Ahead of the Heads of State Summit to be held in August 2016 in Swaziland, the endorsement of the Inclusive Education by the ministers is, therefore, considered by both ADA and SAFOD as a significant milestone in the whole process of ensuring that the strategy becomes an official SADC document that can be owned and implemented by the SADC member States. SAFOD is now geared to champion the implementation through a series of awareness activities of the strategic among both Member States and other stakeholders.
On 16th June 2016, SAFOD Director General, Mr. Mussa Chiwaula, and Funksjonshemmedes Fellesorganisasjon (FFO) Secretary General Lilly Ann Elvestad, signed an Agreement in Oslo, Norway, for a human rights project that will seek to strengthen SAFOD affiliates’ capacity in good governance and promotion of human rights of persons with disabilities. The initiative aims at contributing to SAFOD being a visible and credible regional federation of national affiliates in 10 member countries in Southern Africa.
The project is part of the FFO’s Theory of Change, to contribute to organisation development and Human Rights training that empowers its partner organizations. FFO’s partner organizations, such as SAFOD, contribute to change in attitude towards persons with disabilities in society in general, in governments and other spheres. This leads to improved rights and living conditions for persons with disabilities.
FFO believes that improvements in living conditions of women and men with disabilities can happen if they become aware of their human rights and develop a vision for change, are empowered to organize, mobilize and take collective action for change at local, national, regional and international level. A solid knowledge of their legal rights, evidence of the facts of the present situation and effective methods to communicate and advocate their case is needed to use these tools to engage with and put pressure on decision makers and other important stakeholders to make policies and practices disability inclusive and take deliberate targeted action to mitigate discrimination and exclusion
For this reason SAFOD, the implementing partner, will seek to strengthen its advocacy towards the Southern Africa Development Community (SADC) and the African Development Bank to promote inclusion of persons with disabilities at regional level. SAFOD will lobby and influence SADC and other strategic institutions like Africa Development Bank for increased resource allocation in line with the African Union Decade of Persons with disabilities and the United Nations Convention on Rights of Persons with Disabilities and other international human rights frameworks. It will also map policies and priorities of policy makers within SADC and member States to ensure protection and promotion of human rights for male and female persons with disabilities in Southern Africa, and influence SADC to have disability as a key policy agenda and promote it to national governments and development partners.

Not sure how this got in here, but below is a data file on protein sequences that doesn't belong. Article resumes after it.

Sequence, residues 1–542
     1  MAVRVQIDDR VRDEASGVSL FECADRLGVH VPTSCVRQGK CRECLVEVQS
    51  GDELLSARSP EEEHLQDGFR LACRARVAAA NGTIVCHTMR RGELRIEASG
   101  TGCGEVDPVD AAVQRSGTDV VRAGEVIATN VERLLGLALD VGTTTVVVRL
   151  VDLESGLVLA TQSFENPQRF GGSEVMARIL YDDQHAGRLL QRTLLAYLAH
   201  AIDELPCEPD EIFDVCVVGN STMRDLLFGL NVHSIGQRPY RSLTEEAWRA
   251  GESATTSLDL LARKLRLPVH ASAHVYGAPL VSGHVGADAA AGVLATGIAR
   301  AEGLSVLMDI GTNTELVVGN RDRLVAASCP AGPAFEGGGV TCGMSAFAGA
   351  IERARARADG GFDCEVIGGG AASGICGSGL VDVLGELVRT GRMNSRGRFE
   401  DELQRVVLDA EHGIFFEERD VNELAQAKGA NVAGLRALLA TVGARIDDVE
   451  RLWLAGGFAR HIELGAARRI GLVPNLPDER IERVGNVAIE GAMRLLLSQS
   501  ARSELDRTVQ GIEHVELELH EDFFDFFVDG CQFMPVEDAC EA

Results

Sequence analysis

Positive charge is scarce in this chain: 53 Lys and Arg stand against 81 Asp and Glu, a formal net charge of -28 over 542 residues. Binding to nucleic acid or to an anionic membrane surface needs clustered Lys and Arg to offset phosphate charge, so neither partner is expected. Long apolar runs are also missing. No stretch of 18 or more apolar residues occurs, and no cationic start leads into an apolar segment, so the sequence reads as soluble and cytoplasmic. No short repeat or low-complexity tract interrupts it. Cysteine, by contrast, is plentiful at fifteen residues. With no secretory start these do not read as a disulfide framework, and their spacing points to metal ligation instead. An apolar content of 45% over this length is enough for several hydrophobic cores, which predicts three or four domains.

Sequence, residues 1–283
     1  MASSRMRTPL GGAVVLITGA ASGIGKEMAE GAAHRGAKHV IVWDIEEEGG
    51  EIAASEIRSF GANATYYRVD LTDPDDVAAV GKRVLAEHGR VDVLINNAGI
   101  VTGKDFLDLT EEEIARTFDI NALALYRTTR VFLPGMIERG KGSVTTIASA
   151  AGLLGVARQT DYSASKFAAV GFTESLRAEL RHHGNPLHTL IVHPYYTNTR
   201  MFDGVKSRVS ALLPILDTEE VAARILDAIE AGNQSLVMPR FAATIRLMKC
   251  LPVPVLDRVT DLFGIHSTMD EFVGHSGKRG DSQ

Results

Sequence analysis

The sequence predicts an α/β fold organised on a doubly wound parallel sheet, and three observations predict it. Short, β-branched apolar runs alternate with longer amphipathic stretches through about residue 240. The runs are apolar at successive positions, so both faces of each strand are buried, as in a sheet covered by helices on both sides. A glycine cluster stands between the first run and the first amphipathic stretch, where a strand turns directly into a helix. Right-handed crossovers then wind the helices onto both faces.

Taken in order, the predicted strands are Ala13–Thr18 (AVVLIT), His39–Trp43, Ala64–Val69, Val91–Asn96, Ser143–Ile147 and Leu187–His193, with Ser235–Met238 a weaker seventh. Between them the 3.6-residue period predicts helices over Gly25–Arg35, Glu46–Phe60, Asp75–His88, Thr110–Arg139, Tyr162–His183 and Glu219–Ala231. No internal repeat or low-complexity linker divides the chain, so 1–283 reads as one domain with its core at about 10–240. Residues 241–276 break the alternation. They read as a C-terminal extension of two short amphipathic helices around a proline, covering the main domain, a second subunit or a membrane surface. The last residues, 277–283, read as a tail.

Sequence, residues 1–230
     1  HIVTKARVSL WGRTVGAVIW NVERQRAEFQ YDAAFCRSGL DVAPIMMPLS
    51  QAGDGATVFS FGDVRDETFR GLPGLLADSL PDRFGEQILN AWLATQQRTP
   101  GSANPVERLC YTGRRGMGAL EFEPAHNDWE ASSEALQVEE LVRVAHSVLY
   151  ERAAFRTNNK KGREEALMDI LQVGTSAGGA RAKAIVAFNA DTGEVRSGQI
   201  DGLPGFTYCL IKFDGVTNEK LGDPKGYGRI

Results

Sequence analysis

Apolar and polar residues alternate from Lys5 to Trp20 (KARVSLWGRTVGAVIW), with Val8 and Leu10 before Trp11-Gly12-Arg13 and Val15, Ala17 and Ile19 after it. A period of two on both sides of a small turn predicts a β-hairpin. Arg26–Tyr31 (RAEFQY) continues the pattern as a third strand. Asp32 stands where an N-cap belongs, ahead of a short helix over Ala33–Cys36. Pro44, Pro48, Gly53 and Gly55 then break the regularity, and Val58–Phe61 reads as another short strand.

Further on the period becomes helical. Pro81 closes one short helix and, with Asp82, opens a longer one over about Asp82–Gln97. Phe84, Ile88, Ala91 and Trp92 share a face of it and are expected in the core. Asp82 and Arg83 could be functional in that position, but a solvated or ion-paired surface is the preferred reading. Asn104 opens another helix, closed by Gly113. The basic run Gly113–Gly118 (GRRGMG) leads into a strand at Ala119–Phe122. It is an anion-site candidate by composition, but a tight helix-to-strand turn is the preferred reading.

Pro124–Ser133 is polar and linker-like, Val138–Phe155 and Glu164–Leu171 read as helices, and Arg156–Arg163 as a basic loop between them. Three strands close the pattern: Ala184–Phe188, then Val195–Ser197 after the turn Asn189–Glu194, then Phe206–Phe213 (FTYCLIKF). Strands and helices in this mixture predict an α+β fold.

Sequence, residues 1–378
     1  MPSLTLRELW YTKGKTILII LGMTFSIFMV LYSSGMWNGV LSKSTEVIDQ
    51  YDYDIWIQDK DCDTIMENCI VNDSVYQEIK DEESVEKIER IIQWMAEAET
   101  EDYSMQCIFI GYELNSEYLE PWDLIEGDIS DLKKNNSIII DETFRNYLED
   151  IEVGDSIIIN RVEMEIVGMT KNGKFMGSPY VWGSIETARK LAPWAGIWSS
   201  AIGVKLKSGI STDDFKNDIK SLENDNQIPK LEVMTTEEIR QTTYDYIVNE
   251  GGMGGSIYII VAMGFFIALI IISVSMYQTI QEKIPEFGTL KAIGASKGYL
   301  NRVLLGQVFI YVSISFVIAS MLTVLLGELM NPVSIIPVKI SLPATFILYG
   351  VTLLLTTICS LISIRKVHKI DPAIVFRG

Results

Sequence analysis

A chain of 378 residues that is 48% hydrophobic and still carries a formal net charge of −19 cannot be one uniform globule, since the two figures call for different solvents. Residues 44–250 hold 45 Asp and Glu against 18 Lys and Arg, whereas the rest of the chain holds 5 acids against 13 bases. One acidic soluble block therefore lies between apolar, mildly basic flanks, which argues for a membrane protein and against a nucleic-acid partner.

Also realizing that the youth with disabilities have a very important role to play in ensuring that sustainability of the disability movement in the region, SAFOD will also seek to revive its Youth Wing. The SAFOD Secretariat has already put in place a strategy that will enhance the meaningful participation of Youth Wing members within their national DPOs’ structures so as to prepare them to take over leadership. The strategy will be an effective tool to prevent creating leadership vacuum or crises in DPOs as it is the case in a number of DPOs within the region. Furthermore, SAFOD will seek to strengthen participation of youths with disabilities in national and community development programmes beyond just the Youth wing members, through the mew Youth Ambassadors programme.
Another strategic area of intervention, as per the three-year signed Agreement, is the need to develop the capacity among the affiliate DPOs in the effective monitoring of the UN Convention on the Rights of Persons with Disabilities (UNCRPD), including the production of periodic UNCRPD shadow reports. FFO and SAFOD acknowledge that the active participation of DPOs in influencing the reporting process is an important way in which to monitor, promote and follow-up the work of the CRPD Committee. DPOs may be involved at a number of different stages of the reporting process such as during the preparation of the State Party report, the preparation of reports submitted by national monitoring frameworks, and through the preparation of a parallel report by national DPO coalitions – and the role of SAFOD in this regard will be to capacitate DPOs to be able to they visible and active in all the stages.
To achieve this, SAFOD will adopt the Guidance Document for Effective Use of International Human Rights Monitoring Mechanisms to Protect the Rights of Persons with Disabilities published by the International Disability Alliance (IDA). The objective of this guidance document is to provide practical, hands-on strategies and advice to DPOs and DPO coalitions on the international human rights mechanisms.